WHAT’S BEING CLAIMED:
- On Wednesday, John Duane VanMeter, a professional boxer in Texas was allegedly shot dead by a 12-year-old boy in his home on Wednesday.
- VanMeter’s girlfriend said that the boy lived with them for 2 months but has threatened people before.
- The boy is charged with capital murder and may face 40 years in prison if convicted.
What could drive a 12-year-old boy to kill a man?
A 24-year-old professional boxer in Texas who had two recent victories on his belt was killed in his home on Wednesday by a masked shooter. The suspect, a 12-year-old boy, is now charged with capital murder, the most serious felony on the books.
“A kid who commits murder isn’t thinking about the law. … We’re dealing with somebody who has been seriously abused or neglected or is mentally ill,” said Robert Dunham, Death Penalty Information Center executive director.
John Duane VanMeter began boxing some years ago in the super featherweight division. Born in Anaheim, California, he had two children and was a member of the Tree City Boxing in Uvalde.
The club posted on Facebook: “We are at a loss for words. It’s a sad sad night, not just for Tree City Boxing, but for our entire community. Please keep the VanMeters in your prayers.”
His girlfriend, Sammy Arellano, who has filled her Facebook account with VanMeter’s pictures and posts and whom she plans to marry told the San Antonio Express-News that the boy had been sleeping on their couch for the past two months. She also said that even before, the boy had threatened people including her son.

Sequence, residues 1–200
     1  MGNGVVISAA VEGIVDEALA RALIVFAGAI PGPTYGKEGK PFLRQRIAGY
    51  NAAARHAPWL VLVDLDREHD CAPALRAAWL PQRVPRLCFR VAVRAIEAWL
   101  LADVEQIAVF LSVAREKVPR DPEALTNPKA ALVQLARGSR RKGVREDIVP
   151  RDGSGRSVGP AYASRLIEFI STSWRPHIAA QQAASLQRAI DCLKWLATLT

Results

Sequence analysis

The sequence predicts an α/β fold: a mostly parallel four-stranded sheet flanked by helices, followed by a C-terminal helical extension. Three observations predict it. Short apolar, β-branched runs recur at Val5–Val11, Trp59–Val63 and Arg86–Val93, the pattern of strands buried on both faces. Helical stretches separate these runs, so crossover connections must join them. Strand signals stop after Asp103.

Because the Supreme Court deemed it unconstitutional to impose capital punishment on someone younger than 18, the boy wouldn’t face the death penalty. However, he could face 40 years of incarceration if convicted, said Dunham.
Even though the boy is among the youngest defendants charged with capital murder, this is hardly a surprise in Texas. According to the Harris County juvenile division chief Steven Halpert, prosecutors often pursue the highest possible charge they believe they can prove.
“They’re going to charge with the crime whether the person is 12 or 60.” “They believe that the public demands that,” he added.
While police did not offer a motive, experts say burglary may be a motive in the boy’s case, due to the fact that the killer broke into VanMeter’s home in Uvalde all dressed in black with his face covered.
In the meantime, little has been reported about the boy’s family or life since no records about him are publicly available, according to child protective services.
The boy who is now in a juvenile detention center will stay there if convicted until he’s 19 or depending on the length of the sentence. Afterwards, he goes back to court where a judge decides whether he be transferred to an adult prison or be placed on parole for the rest of his sentence, said Halpert.
Source: Washington Post